Story originally posted by the City of Lenexa.
Every day, the Lenexa Fire Department responds to emergencies on roads and highways in and around our community. While risk is always a part of the job, roadside incidents are especially dangerous for fire crews. Struck-by collisions are the leading cause of death for firefighters in the field, and according to respondersafety.com, 46 emergency responders have already died in 2020 after being struck on the road during an emergency response
“People typically think structure fires are the most dangerous thing we do,” said Lenexa Fire Department Battalion Chief Bob Welch, “but the reality is, our safety is significantly compromised when we’re working an emergency incident on an interstate or other high traffic road, even for the most minor incidents.”
The Lenexa Fire Department recently equipped front-line apparatus with Safety Cloud, an advanced collision prevention system by HAAS Alert that protects responders from struck-by incidents by digitally alerting approaching drivers. Safety Cloud enhances emergency lights and sirens by delivering digital alerts to nearby motorists through Waze and similar navigation apps, adding an additional layer of protection for fire crews when they’re most at risk. Safety Cloud already comes standard on most new fire apparatus, and the Kansas Highway Patrol also uses the service on its motorist assist vehicles, but Lenexa Fire Department is the first fire department in Kansas to officially deploy the technology.
When Safety Cloud-equipped LFD apparatus activate lights and sirens during an incident response, any driver within half a mile of the apparatus can receive an alert as an advance warning through the Waze app. Studies show that most drivers have less than three seconds to react to lights and sirens, but advance warning systems like Safety Cloud can provide up to thirty seconds of advance notice and reduce the chances of a collision by 90%. Chief Welch says that time can be the difference between a safe response and a tragedy.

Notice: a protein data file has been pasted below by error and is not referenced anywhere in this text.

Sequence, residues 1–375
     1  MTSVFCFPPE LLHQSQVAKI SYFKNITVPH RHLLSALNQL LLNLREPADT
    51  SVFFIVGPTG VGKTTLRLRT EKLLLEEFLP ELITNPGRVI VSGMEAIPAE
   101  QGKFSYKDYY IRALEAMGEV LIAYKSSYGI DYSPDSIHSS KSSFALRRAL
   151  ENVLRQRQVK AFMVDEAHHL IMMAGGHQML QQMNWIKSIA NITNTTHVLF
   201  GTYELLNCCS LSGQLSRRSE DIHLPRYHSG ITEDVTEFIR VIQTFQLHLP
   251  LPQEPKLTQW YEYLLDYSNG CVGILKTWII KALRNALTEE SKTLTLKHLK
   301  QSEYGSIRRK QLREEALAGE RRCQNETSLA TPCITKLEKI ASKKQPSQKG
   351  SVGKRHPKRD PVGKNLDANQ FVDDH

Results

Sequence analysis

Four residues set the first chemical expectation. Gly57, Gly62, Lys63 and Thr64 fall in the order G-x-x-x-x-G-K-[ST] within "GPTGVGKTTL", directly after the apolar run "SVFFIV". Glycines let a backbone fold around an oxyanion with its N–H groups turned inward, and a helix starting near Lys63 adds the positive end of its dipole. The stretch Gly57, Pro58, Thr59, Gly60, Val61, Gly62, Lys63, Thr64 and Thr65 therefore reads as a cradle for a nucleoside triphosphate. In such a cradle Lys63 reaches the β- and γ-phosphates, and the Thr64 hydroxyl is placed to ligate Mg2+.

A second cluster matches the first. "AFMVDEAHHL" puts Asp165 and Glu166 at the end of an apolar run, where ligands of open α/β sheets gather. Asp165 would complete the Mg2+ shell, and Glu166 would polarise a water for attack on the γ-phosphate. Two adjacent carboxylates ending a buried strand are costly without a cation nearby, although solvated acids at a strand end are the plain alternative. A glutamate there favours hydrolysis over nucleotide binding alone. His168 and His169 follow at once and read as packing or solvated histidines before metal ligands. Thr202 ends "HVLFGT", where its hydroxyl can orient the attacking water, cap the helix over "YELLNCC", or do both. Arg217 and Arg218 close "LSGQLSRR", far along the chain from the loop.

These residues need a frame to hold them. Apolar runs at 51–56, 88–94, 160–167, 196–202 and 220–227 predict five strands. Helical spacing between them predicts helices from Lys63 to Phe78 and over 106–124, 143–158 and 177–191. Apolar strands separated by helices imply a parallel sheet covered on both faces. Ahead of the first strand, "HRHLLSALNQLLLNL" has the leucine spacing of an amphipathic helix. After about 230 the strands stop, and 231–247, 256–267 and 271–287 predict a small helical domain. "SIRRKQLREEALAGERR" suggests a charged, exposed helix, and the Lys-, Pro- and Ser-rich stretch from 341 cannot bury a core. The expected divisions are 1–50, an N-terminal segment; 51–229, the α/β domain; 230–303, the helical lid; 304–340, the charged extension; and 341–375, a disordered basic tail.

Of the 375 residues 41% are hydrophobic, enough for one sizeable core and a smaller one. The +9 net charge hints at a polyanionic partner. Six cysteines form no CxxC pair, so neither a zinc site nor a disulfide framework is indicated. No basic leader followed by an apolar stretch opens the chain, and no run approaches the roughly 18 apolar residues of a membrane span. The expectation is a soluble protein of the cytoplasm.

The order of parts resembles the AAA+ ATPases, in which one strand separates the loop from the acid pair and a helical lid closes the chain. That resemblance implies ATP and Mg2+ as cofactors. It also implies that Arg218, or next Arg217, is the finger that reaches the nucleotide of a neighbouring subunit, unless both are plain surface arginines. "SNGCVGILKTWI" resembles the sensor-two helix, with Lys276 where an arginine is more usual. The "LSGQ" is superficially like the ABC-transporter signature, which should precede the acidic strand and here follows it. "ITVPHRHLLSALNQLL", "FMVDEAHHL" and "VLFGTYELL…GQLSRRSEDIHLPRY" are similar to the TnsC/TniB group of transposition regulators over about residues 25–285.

“Drivers are distracted, and vehicle cabins are quieter than ever,” Chief Welch said. “Our traditional means of alerting drivers are simply not as effective as they once were. These alerts represent a different approach, but are an effective way for us to get the attention of drivers.”
Drivers today can receive the alerts automatically through Waze, a free app available for Apple and Android devices. HAAS Alert says that Safety Cloud digital alerts will be available on more navigation platforms in 2021. The company is also working directly with car manufacturers to get the alerts added into vehicle dashboards and infotainment systems. Ultimately, Chief Welch says, this investment will improve safety for the entire city.
“When you factor in all the costs from a single collision — the medical and legal expenses, repairing or replacing an apparatus, the impact on the rest of the department — preventing just one collision can save our community millions of dollars,” Chief Welch said. “These alerts give us extra peace of mind when we’re out there responding, and at the end of the day it helps us make sure that everyone can get home safely.”